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Accession IconSRP067922

Role of OSGIN1 in Mediating Smoking-induced Autophagy in the Human Airway Epithelium [RNA-Seq]

Organism Icon Homo sapiens
Sample Icon 52 Downloadable Samples
Technology Badge IconIllumina HiSeq 2000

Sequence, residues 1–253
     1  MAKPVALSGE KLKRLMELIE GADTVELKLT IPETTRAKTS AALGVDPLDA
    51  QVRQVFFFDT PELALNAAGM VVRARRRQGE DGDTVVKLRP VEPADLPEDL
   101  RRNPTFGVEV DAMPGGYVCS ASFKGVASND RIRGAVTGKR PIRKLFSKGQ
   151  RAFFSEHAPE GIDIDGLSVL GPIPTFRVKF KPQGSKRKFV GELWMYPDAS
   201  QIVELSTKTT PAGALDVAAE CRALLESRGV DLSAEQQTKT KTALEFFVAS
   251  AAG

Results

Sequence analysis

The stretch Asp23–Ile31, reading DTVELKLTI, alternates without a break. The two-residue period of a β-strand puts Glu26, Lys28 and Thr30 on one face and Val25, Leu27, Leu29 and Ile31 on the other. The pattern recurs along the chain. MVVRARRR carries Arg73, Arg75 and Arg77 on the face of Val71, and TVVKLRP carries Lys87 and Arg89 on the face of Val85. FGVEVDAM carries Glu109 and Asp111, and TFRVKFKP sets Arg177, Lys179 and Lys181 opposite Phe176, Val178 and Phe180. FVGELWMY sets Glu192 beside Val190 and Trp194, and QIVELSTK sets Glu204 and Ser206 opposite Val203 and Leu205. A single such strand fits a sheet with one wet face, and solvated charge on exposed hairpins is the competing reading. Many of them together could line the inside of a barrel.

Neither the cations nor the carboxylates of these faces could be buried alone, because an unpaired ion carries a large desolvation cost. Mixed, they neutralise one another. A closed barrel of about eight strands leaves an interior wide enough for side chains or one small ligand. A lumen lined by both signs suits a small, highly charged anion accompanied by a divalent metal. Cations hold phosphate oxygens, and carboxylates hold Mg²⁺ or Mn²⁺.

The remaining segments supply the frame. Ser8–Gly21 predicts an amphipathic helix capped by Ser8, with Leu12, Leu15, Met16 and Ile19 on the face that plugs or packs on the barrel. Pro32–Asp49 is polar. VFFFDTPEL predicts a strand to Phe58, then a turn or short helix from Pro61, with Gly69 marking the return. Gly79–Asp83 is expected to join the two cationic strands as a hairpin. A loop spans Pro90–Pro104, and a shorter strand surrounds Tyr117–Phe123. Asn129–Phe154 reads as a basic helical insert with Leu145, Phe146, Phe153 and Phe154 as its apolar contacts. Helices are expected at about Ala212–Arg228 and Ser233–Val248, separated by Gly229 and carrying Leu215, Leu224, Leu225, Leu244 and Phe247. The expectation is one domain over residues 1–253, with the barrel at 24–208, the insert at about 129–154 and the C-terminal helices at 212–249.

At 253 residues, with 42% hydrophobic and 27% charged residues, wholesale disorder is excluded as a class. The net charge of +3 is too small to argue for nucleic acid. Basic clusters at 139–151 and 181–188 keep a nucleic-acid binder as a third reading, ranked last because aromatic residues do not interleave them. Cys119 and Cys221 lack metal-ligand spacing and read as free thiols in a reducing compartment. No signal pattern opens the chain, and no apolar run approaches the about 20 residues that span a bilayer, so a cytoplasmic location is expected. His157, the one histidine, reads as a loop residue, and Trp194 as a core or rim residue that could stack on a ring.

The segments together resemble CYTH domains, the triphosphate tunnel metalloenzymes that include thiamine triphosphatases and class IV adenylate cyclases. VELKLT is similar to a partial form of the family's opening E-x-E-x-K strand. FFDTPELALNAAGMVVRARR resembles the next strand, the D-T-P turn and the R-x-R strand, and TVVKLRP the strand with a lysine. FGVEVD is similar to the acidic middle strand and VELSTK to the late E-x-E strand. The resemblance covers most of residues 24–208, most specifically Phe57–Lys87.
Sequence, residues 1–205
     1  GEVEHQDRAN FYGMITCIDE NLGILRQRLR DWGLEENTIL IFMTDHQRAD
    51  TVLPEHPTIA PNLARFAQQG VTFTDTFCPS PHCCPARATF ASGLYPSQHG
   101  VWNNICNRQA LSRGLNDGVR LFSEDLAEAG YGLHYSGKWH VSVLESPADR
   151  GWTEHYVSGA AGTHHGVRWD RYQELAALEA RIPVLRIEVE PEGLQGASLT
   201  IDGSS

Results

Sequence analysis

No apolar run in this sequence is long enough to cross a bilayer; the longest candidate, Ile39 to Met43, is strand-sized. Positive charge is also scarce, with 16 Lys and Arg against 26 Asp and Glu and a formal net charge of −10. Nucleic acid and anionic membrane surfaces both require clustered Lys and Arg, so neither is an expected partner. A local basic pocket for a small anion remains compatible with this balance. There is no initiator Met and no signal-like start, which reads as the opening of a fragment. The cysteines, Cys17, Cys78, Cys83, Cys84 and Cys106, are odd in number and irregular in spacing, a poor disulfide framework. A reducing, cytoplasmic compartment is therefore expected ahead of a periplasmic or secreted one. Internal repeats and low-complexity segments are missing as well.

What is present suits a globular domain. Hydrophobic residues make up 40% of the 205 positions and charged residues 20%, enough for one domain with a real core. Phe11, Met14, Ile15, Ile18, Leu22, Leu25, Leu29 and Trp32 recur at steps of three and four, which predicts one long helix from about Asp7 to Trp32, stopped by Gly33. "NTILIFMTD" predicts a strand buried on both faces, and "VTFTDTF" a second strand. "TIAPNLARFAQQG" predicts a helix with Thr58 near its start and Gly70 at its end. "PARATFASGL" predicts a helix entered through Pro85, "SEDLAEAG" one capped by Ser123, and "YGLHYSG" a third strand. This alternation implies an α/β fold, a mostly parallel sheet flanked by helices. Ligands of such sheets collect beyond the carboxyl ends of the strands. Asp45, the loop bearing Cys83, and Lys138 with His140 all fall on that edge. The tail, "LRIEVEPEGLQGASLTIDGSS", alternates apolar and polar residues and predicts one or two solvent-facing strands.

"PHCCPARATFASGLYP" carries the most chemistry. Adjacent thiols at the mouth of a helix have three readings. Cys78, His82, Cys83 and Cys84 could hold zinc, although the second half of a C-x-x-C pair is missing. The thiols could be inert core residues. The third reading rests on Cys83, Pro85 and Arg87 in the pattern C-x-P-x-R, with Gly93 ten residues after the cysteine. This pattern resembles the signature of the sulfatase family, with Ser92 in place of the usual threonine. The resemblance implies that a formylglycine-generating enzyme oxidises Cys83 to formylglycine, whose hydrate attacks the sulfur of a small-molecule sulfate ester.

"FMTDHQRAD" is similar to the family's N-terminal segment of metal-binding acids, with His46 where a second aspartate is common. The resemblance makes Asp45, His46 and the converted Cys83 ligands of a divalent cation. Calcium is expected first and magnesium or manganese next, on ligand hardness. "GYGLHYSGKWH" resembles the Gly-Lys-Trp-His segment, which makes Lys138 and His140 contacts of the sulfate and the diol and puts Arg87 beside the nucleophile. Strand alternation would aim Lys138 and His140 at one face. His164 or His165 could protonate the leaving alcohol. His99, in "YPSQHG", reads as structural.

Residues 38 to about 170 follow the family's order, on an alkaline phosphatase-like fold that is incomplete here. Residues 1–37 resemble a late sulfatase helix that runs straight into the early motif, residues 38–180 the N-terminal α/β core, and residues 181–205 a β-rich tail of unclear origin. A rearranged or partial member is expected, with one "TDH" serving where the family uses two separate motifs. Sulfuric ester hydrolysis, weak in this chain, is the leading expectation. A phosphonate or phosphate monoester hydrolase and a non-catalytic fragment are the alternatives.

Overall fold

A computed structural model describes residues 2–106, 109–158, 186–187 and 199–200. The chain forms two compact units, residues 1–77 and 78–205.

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Enhanced autophagy is recognized as a component of the pathogenesis of smoking-induced airway disease. Based on the knowledge that enhanced autophagy is linked to oxidative stress and the DNA damage response, both of which are linked to smoking, we used microarray analysis of the small airway epithelium to identify smoking up-regulated genes known to re-spond to oxidative stress and the DNA damage response. This analysis identified OSGIN1 as significantly up-regulated by smoking in both the large and small airway epithelium (1.8-fold, p<0.01, 2.1-fold, p<10-4, respectively), an observation confirmed by an independent small airway microarray cohort, TaqMan PCR and RNAseq. Genome-wide correlation of RNAseq analysis of airway basal/progenitor cells isolated from healthy subjects (n=17) showed a direct correlation of OSGIN1 mRNA levels to multiple classic autophagy genes, including, LC3B, P62, WIPI1 and ATG13 (all rho>0.7, p<0.01). In vitro cigarette smoke extract exposure of nonsmoker primary airway basal/progenitor cells was accompanied by a dose-dependent up-regulation of OSGIN1 and autophagy induction. Lentivirus-mediated enhanced expression of OSGIN1 in human primary basal/progenitor cells induced puncta-like staining of LC3B and up-regulation of LC3B mRNA and protein and P62 mRNA expression level in a dose and time-dependent manner. OSGIN1-induction of autophagosome / amphistome / autolysosome formation was confirmed by co-localization of LC3B with P62 or CD63 (endosome marker) and LAMP1 (lysosome marker). Induction of autophagy by OSGIN1 is accompanied with heightened oxidative stress. Together, these observations support the concept that smoking-induced up-regulation of OSGIN1 is at least one link between smoking-induced stress and enhanced-autophagy in the human airway epithelium. Overall design: Airway epithelium transcriptome analysis suggested that OSGIN, an oxidative response and cell death induction gene, was up-regulated by cigarette smoking and might be involved in autophagy regulation. In vitro study demonstrated that smoking can increase OSGIN1 expression and enhanced-expression of OSGIN1 led to autophagy, which is accompanied with heightened oxidative stress.
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